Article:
Shader Permutation Variables

Permutation variables are global variables set either through C++ code or exposed through materials. The value of a permutation variable at the time of a drawcall affects which permutation of a shader is used for rendering.

Permutation variables allow to create different variants of the same shader, without creating different shader files. Since their state is global, they decouple the decision which shader to use from the code that actually has this information at hand.

For instance, materials support different rendering modes. By default they use proper lighting, but for debugging purposes we might want to override this and always output unlit diffuse color (or normals, UV coordinates, etc). The information which shader to use to render a certain object is stored either in a material or directly set through code. Without permutation variables we would either need to use an entirely different shader to get our debug output, which would mean that everything would need to support this functionality, or the shader would need to decide the final output mode dynamically, adding a large performance hit for a feature that is not used in the final game.

Permutation variables solve this problem by creating different variants of the shader, and letting the engine pick the correct one depending on the current values.

In shader code, permutation variables are exposed as #define‘d preprocessor variables and therefore can be evaluated like any other preprocessor directive.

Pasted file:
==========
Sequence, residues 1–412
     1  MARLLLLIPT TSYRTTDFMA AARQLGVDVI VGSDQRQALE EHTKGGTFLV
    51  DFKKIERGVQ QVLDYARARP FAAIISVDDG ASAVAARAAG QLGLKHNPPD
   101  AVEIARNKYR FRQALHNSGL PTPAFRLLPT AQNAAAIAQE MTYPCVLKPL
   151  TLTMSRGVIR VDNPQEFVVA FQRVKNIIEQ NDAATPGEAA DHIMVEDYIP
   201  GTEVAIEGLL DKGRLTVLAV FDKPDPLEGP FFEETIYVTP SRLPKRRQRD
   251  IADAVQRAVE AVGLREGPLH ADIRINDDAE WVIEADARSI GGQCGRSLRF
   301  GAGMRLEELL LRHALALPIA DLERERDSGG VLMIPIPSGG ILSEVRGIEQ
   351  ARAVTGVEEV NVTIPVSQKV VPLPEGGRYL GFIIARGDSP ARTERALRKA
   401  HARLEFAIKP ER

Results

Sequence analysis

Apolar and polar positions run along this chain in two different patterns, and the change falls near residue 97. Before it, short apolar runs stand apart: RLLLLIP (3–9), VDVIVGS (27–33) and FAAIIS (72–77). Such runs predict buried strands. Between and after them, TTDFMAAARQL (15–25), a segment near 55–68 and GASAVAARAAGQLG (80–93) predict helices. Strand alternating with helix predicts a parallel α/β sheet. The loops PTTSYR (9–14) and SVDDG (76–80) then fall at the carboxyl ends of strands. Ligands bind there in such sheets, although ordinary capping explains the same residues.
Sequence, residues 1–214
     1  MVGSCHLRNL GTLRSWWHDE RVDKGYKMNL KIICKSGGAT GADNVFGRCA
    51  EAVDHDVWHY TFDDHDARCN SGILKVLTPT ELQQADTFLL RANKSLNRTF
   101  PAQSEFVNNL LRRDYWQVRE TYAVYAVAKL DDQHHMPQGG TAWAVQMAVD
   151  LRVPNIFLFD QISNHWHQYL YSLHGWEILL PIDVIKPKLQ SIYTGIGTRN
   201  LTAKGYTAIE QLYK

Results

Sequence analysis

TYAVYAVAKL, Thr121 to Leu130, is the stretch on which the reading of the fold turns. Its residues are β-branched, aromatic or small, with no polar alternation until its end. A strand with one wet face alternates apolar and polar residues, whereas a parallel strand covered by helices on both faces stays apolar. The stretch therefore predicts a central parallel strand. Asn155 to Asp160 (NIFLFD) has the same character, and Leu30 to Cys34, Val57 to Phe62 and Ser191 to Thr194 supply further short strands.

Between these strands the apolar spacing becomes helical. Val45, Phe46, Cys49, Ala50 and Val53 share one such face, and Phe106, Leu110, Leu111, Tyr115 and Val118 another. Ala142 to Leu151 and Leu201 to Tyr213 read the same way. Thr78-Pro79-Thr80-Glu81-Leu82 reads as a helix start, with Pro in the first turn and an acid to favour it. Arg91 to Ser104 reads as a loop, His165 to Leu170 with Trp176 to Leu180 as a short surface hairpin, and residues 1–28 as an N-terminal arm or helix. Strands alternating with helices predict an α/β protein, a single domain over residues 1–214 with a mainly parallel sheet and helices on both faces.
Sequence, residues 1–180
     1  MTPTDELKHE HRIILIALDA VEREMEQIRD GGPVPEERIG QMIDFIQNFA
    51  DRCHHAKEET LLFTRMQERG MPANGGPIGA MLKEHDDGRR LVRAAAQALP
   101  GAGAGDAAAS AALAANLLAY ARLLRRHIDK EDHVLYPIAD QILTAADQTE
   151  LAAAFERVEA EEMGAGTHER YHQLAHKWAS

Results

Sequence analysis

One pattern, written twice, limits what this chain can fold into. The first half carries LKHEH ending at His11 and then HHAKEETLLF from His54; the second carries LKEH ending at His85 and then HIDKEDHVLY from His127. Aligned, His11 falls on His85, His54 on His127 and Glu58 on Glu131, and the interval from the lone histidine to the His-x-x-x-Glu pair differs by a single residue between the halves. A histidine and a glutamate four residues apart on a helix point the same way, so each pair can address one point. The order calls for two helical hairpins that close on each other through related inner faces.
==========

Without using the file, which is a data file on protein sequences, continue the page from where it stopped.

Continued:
The Shader Permutations Section

Each shader is made up of several sections.

[PLATFORMS]

ALL
DEBUG

[PERMUTATIONS]

ALPHATEST
WIREFRAME

[MATERIALPARAMETER]

Permutation ALPHATEST;

[RENDERSTATE]

#if WIREFRAME == 1
    WireFrame = true
#endif

[VERTEXSHADER]

VS_OUT main(VS_IN Input)
{
  ...
}

[PIXELSHADER]

...

In the [PERMUTATIONS] section the shader author has to list all permutation variables that are going to be evaluated inside the shader code. If a variable is used without being mentioned in this section, your shader might compile and work, but the result will always be the same.

ezPermVar Files

Every permutation variable must be defined in a file that has the exact name of the permutation variable and the .ezPermVar extension.

All ezPermVar files must reside in a specific subfolder in any data directory. By default the subfolder is “Shaders/PermutationVars”.

bool Permutation variables

The definition of a boolean permutation variable in its ezPermVar file simply looks like this:

bool TWO_SIDED;

A boolean permutation variable is permuted over the values TRUE and FALSE. In a shader it would be evaluate like this:

#if defined(PIXEL_SHADER) && TWO_SIDED == TRUE
    uint FrontFace : SV_IsFrontFace;
#endif

In C++ code the variable is set like this:

ezRenderContext::SetShaderPermutationVariable("TWO_SIDED", "TRUE");

enum Permutation Variables

Enum permutation variables allow you to use more than two permutation values and they can have more descriptive names.

The definition of an enum variable in its ezPermVar file looks like this:

enum BLEND_MODE
{
    OPAQUE,
    MASKED,
    TRANSPARENT,
    ADDITIVE,
    MODULATE
};

Note: When evaluating an enum variable in a shader, the value must be prefixed with the name of the variable and an underscore:

#if BLEND_MODE == BLEND_MODE_MASKED
    return opacity - MaskThreshold;
#else
    return opacity;
#endif

As you can see, the name used for comparison is BLEND_MODE_MASKED although in the definition it was named MASKED. In C++ code we use the actual name though:

ezRenderContext::SetShaderPermutationVariable("BLEND_MODE", "MASKED");

Exposing Permutations to materials

By default permutation variables do not show up in materials and therefore cannot be manually specified by artists. If you want a variable to show up, simply list it in the [MATERIALPARAMETER] section:

[MATERIALPARAMETER]

Permutation ALPHATEST;

The type (bool or enum) and the available values are automatically read from the ezPermVar file that defines the variable and will show up in the material properties accordingly.

See Also